2. Using information from non-local files (e.g. headless CMS) in certain parts of Gatsby is (nearly) impossible. Developers and creators typically want to define everything in the CMS — design system tokens, language strings, other language settings — and any other information that would go into gatsby-config.js or every created page. Problems that arise include trying to use the language strings from the CMS in your application without bloating the page context with every translated string. Also, friction can occur when sourcing from remote repositories due to problems with relative paths.

  3. Integrating i18n into an existing Gatsby site. Gatsby has powerful APIs to create and modify pages and enables plugins to use those. Sometimes a combination of certain plugins or patterns can lead to unexpected problems.

  4. Some i18n/i10n libraries have poor or complicated SSR support. Due to Gatsby’s nature, libraries that do not guard against SSR usage can cause problems.

  5. Modifying gatsby-link is necessary. To keep the benefits of using gatsby-link you have to wrap the component with your own implementation of accessing the current locale and adapting the path accordingly.

  6. Localization of GraphQL queries. When querying for things like dates you need to have access to the correct dateFormat for the current locale.

  7. Lack of support for multiple builds from one run of the gatsby build command. The use case here is that, from one source, multiple sites need to be deployed to en.domain.tld, de.domain.tld, etc. Also, sometimes those sites themselves contain multiple languages (e.g. de.domain.tld has English and German options).

  8. SEO needs to be handled manually. The correct meta tags and redirects need to be set in the head; options for different titles/URLs for each page are missing.

  9. Right-to-left support has to be added manually. Adapting the styles has currently no happy path.

  10. Difficult to integrate SaaS localization platforms. There are not many plugins that deal with localization platforms such as Crowdin and Transifex, meaning you have to handle the integration yourself. This can be difficult.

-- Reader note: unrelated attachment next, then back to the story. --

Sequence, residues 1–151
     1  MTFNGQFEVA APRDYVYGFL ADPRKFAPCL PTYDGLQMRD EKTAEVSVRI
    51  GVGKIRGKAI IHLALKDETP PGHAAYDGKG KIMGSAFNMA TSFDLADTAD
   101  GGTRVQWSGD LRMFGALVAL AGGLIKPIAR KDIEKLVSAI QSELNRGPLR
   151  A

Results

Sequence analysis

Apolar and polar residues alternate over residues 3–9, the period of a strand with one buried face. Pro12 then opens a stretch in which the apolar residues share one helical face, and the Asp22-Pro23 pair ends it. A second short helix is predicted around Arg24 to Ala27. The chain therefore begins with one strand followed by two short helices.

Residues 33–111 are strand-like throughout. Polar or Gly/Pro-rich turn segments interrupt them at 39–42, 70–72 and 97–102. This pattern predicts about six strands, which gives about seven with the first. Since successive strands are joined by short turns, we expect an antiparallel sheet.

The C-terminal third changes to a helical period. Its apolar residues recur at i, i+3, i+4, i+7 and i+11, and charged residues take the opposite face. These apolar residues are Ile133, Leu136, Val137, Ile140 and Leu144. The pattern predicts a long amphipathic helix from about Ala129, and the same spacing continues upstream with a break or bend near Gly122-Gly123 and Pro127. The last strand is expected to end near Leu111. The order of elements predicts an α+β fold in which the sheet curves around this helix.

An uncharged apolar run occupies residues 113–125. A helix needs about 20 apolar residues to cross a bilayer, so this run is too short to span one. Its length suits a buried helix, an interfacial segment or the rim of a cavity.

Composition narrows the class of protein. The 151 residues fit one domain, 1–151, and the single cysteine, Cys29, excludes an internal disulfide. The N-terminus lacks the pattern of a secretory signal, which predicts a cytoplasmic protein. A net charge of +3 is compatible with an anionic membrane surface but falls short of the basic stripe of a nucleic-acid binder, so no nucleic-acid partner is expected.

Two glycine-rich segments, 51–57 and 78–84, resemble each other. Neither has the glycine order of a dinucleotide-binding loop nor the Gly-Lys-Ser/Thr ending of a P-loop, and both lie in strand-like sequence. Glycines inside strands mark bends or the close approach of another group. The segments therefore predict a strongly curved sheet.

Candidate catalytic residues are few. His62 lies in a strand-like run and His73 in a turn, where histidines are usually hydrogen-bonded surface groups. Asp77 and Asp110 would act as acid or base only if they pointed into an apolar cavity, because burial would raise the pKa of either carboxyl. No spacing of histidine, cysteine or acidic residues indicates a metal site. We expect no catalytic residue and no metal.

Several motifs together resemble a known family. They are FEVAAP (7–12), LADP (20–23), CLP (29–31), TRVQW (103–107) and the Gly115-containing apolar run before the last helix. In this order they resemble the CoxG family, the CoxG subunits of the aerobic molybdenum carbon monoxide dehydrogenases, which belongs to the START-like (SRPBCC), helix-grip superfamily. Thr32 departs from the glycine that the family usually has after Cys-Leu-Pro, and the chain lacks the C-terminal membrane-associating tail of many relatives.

What this means for future development

As the list above clearly shows, i18n (and by extension i10n) is a topic presenting a wide variety of challenges. Both specific usage problems like issues with Gatsby’s APIs and integrations with third-party libraries, and general topics like SEO or styling adaptations.

While some of those things can be packaged and abstracted into a theme (as with gatsby-theme-i18n) not all pain points can be solved with a plugin. Changes to Gatsby’s core or third-party libraries such as Theme UI are necessary to fix some things. Building child themes for i18n libraries or creating happy path boilerplates for certain common types of projects can also give a better experience for users.

Most importantly the great variety of responses received thus far showed that our users are passionate about this topic and have a strong desire to see it solved in Gatsby so that they can keep on using it — which is exciting!

What’s next?

The alpha of gatsby-theme-i18n and its child themes will be released very soon. Until then (and in the future, as well) you can join the Discord channel to chat as more details on how to contribute will follow. Also, keep an eye out for the announcement post.

I encourage all interested parties to try out the theme when it’s ready and get involved in the process of refining it. And then show us the awesome things you build!